Bristol, England — Researchers from the Centre for Appearance Research at the University of the West of England have finished the first round of testing on a new psychological screening tool for prospective cosmetic surgery patients.
The test was developed in response to rising aesthetic procedures in the U.K., PHYSorg Science News Wire reports. Since 2003, private aesthetic procedures in the U.K. have tripled. Little is known about the impact of cosmetic surgery on patients’ psychosocial functioning and satisfaction with their appearance in the long-term, and more people are seeking to undergo elective cosmetic procedures without first completing a psychological assessment.
Investigators intend to enter the next phase of testing later this year. The next step will involve a larger scale, multisite evaluation of the screening procedure by following patients over the course of a year to establish psychological profiles and gauge the psychosocial impact aesthetic that procedures have on patients.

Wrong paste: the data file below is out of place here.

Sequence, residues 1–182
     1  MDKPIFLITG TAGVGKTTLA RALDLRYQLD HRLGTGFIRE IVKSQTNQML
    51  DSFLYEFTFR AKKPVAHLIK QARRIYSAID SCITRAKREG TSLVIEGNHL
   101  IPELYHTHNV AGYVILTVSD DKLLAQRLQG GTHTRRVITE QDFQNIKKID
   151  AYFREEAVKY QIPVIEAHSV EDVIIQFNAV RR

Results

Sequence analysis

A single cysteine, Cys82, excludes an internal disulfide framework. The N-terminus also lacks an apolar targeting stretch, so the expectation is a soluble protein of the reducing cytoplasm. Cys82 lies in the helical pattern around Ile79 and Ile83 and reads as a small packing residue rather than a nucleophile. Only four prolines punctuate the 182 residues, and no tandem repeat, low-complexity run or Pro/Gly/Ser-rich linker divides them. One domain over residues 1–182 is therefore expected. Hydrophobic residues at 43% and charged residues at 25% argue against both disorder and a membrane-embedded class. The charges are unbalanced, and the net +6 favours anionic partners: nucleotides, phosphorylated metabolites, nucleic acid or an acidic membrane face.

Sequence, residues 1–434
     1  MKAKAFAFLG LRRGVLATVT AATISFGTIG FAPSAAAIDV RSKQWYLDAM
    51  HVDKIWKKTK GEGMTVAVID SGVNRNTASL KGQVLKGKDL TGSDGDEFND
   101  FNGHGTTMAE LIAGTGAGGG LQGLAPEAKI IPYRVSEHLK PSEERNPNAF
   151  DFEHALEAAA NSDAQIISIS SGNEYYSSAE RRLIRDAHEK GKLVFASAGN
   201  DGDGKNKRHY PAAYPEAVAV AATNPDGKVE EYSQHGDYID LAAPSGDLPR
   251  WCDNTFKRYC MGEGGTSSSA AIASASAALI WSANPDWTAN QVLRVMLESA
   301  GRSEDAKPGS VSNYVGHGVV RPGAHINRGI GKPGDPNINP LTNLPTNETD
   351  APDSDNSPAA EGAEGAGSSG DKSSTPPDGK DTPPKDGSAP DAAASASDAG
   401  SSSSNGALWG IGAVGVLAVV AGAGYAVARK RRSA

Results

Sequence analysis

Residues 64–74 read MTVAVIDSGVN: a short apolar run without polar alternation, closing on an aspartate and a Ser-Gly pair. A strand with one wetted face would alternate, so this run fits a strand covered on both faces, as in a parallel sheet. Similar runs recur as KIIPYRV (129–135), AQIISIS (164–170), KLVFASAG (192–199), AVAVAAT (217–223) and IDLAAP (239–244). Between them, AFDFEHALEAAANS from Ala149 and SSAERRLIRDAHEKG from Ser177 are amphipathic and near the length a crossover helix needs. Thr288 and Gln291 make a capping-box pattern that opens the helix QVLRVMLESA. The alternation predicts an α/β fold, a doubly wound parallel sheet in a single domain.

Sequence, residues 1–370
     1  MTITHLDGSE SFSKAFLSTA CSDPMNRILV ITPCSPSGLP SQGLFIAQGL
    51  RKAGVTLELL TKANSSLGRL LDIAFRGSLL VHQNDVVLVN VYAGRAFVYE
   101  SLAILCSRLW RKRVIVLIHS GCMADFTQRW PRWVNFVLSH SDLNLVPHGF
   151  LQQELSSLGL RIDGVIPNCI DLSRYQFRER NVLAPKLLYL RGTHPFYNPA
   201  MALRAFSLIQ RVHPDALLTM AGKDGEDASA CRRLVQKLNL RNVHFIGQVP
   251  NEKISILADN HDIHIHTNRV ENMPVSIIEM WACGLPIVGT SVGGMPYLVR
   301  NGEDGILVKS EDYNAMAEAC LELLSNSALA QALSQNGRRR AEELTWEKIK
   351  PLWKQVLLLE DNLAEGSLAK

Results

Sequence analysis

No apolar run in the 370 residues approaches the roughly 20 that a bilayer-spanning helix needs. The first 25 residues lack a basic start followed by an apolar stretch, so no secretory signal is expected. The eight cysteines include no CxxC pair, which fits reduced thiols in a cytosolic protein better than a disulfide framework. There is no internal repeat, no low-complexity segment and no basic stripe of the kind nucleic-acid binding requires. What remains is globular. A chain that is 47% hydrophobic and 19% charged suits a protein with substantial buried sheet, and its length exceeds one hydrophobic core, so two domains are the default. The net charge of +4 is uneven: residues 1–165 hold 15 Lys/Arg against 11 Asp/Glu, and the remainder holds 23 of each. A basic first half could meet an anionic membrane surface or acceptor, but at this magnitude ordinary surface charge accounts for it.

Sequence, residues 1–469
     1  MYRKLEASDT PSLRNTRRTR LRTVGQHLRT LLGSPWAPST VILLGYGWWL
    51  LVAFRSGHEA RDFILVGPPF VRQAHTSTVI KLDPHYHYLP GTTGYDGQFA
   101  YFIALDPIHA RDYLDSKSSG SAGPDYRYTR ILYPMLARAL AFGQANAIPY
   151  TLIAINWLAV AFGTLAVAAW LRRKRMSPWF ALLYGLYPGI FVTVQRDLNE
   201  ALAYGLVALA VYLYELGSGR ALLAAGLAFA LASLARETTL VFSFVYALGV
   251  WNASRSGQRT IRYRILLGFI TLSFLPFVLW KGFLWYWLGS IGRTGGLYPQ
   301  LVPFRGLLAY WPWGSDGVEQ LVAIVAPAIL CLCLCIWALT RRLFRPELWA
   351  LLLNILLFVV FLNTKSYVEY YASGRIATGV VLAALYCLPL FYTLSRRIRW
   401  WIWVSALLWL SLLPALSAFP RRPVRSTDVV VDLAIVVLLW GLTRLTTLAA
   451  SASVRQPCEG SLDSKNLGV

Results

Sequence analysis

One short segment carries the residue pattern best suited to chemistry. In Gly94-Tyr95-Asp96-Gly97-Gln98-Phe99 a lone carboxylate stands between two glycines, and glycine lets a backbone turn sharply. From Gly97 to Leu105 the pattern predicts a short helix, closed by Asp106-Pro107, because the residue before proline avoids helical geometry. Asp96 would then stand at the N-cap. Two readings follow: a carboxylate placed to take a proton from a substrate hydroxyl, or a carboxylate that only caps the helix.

“This new screening process is designed to provide a quick and efficient method through which prospective patients can be screened and assessed in more depth where necessary, and then guided to alternative care where appropriate,” Centre for Appearance Research co-director Nichola Rumsey said. “It will help surgeons to offer care tailored to the needs of their patients, and will generate much needed understanding of the psychological impact of cosmetic surgery.”
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